internal iliac arteries. It is wise to remember that the common iliac veins and vena cava are adherent to
the posteromedial aspect of the left common iliac artery and the posterolateral aspect of the right
common iliac artery. Vascular control of these vessels is safest after gently elevating them oB their
respective underlying major veins. This maneuver also facilitates transection of the distal common iliac
artery under direct vision so that end-to-end aortoiliac reconstruction can be accomplished. If the iliac
artery anastomosis cannot be performed at this level, it is wise to graft end-to-end to the internal iliac
artery and then jump a separate graft to the external iliac artery. With this graft con guration, even an
aneurysmal internal iliac artery can be simultaneously excluded (by opening it) and bypassed to the
level of its first branch vessel, which helps to maintain vital pelvic perfusion.
Wound closure is accomplished in layers using Vicryl suture for the posterior rectus sheath,
transverse fascia, transversus abdominis, and internal oblique muscle layers. The anterior rectus sheath
and external oblique muscle aponeurosis are closed with PDS suture. Subcuticular or staple skin closure
completes this multilayer wound closure.
Alternative Exposure of the Renal Artery
The distal right renal artery can be exposed through a right-sided 8ank incision, which is a mirror
image of the incision described in the section on retroperitoneal exposure of the aorta. With the patient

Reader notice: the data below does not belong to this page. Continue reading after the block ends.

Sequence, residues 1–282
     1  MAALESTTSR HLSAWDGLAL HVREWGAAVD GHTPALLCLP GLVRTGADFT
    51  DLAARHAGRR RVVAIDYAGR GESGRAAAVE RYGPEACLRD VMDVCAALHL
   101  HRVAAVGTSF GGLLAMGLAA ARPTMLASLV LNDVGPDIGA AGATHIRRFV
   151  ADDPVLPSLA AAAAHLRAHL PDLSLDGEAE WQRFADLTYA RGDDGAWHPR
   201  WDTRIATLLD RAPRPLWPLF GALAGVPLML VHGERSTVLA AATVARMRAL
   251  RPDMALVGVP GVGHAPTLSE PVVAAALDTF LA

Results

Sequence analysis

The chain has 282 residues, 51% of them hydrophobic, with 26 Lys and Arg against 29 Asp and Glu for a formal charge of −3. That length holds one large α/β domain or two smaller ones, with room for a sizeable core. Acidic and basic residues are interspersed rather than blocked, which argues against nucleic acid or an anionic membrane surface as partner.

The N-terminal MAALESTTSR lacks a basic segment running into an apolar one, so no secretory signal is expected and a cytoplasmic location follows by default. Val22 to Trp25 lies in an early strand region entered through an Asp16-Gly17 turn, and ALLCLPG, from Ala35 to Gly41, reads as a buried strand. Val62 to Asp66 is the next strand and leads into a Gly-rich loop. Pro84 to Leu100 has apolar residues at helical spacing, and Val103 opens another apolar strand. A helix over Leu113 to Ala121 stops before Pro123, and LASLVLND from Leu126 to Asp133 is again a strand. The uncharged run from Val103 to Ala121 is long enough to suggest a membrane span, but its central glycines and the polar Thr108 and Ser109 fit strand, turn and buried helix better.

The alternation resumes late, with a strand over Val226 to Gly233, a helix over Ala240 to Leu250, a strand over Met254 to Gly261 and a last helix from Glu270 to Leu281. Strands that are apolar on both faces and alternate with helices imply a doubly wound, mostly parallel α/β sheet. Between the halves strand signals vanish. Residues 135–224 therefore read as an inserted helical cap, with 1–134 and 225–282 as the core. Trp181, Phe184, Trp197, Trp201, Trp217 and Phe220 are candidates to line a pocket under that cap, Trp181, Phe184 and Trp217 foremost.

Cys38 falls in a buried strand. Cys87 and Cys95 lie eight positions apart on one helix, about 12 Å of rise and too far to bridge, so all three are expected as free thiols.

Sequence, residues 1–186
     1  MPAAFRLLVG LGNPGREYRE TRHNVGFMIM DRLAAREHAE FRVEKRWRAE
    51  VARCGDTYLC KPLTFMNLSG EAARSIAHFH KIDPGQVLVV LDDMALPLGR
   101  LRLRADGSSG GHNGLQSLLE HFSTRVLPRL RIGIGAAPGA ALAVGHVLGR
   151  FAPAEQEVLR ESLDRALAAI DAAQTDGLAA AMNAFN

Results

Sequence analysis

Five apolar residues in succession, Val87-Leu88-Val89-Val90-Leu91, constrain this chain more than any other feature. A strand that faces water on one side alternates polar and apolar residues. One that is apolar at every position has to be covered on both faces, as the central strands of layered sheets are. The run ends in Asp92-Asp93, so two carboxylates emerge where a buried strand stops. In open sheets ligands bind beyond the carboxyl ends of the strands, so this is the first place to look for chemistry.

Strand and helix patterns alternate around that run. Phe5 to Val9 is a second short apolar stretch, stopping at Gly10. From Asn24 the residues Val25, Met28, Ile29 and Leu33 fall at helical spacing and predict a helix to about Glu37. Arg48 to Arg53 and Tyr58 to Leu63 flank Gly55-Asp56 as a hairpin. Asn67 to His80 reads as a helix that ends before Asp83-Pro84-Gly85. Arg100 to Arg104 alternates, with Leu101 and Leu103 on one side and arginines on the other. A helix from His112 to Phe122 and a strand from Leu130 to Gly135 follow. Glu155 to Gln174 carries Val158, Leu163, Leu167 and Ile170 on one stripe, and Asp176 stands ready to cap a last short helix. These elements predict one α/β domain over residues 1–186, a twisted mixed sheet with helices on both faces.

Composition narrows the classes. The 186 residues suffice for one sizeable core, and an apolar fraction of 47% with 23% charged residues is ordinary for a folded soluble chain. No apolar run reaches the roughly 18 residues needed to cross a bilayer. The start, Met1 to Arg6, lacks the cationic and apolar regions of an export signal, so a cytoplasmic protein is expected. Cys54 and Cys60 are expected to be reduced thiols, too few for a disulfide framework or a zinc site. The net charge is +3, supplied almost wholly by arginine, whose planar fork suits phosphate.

on the operating table in a modi ed left lateral decubitus position, the retroperitoneal space is entered
laterally after division of the abdominal wall muscles. The peritoneum and contents are gently
mobilized anteriorly and medially, including the right kidney enclosed in the Gerota fascia. The renal
artery is palpated distally and carefully dissected free of surrounding tissue toward the abdominal aorta.
The inferior vena cava is also identi ed and mobilized after ligation of two or three paired lumbar
veins. The vena cava can be elevated to expose the right posterolateral aspect of the infrarenal aorta.
Partial aortic occlusion with a side-biting vascular clamp is used for anastomosis of the proximal bypass
graft. Thereafter, a distal end-to-end anastomosis completes renal artery revascularization.!
!
!
!
24Moncure and associates described an extraanatomic revascularization procedure for the right
kidney. This exposure uses a right subcostal incision extending into the right 8ank. The hepatic 8exure
of the colon is mobilized and rotated to the left. The duodenum is kocherized toward the midline to